3. Cutting calories safely isn't dangerous. The trick is "safely". Use Meal Replacement stuff for what it's intended, replacing a few meals, but not all food.

    Here's my plan.
    3 meal replacements a day = 900 calories and about 130 grams of protien.
    2 small snacks of about 100 cal each from a short list:
    light yogurt, 1/2 cup cottage cheese, small salad with a spoonful of dressing, a hard boiled egg, 1/2 cup of nuts, 2 large rice cakes, a slice of toast, a piece of fruit, couple other things i forget right now.
    1 dinner 300-400 calories.

    my tips;
    Variety is everything. You have to cover all the trace elements, rare vitamins and random stuff that might not be in the meal replacements. Make sure your one meal a day is good food, organic salads and stuff.
    For somebody that's not into fad or drastic diets, 3 meal replacements a day sure sounds odd. Your body was designed to digest and utilize food, not shakes, powders and elixars.


    Only replace half of what you burn. Two reasons. One, you overestimate what you burn and underestimate what you consume (or you'd be thin.) Two, your body will burn calories when it's forced to. Go for a long bike ride with fewer calories and you'll be forced to burn fat for fuel while still keeping the electrolytes up.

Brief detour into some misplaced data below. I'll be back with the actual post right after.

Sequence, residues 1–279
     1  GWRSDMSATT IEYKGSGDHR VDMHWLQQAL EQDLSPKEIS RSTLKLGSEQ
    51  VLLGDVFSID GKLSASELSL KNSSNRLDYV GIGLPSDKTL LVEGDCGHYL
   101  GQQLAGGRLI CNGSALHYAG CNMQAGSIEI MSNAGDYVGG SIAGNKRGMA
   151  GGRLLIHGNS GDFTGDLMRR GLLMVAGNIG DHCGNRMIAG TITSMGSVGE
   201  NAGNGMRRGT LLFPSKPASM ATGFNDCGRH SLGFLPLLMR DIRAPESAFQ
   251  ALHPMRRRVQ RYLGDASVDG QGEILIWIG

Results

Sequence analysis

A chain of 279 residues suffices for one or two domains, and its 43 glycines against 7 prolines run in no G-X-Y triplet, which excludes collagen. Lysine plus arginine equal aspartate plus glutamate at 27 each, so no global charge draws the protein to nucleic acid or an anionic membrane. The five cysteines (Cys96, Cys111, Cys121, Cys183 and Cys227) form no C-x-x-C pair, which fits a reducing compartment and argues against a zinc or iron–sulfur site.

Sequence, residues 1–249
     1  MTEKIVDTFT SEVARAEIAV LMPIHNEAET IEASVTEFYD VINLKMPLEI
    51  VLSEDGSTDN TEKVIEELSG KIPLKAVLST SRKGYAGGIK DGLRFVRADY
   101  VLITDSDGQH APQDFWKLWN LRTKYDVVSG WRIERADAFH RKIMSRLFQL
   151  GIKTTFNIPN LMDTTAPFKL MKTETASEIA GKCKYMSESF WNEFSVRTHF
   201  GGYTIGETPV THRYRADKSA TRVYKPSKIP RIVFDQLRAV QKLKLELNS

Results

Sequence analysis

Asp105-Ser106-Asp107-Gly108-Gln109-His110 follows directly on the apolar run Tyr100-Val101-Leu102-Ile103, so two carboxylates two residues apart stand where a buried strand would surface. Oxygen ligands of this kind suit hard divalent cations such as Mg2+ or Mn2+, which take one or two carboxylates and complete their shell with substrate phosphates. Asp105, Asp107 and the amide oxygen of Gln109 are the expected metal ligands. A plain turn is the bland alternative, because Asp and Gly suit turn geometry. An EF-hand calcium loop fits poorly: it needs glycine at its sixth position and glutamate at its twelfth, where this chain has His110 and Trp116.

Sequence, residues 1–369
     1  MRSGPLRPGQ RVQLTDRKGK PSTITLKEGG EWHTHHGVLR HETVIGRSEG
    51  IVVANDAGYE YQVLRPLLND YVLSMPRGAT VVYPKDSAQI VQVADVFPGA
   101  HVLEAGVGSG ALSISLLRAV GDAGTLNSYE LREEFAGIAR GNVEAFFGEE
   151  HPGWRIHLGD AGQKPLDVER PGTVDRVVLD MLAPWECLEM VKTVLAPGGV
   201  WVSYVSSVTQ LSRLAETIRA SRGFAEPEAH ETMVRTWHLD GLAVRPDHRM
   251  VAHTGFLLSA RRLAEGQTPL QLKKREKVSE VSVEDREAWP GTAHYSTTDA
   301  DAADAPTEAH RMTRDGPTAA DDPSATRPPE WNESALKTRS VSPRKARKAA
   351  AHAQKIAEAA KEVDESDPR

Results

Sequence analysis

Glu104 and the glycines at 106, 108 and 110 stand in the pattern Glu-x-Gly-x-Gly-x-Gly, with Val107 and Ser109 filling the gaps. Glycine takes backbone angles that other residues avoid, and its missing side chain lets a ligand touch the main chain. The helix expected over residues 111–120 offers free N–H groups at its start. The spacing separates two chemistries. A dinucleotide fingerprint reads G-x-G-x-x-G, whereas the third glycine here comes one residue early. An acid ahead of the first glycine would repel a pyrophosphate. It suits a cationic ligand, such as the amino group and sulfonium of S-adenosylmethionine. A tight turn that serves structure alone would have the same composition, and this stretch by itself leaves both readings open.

Chances are you'll just end up bonking on your rides. What's the point? Why not eat proper and adequate nutrition from the start AND improve your fitness levels?


    Not easy, dropping about 3-4 pounds a week and stalling after 15 pounds as my metabolisms adjusting. Toughest part is keeping up the energy levels.
    And stalling is exactly what'll happen if someone tries to diet off 3 to 4 lbs a week. What do you think is going to happen to you when you get tired of this so called diet and start eating again, especially since you're wrecked your metabolism?

    NO McDIETS!!!
    I did not achieve this position in life by having some snot-nosed punk leave my cheese out in the wind. - Ed Rooney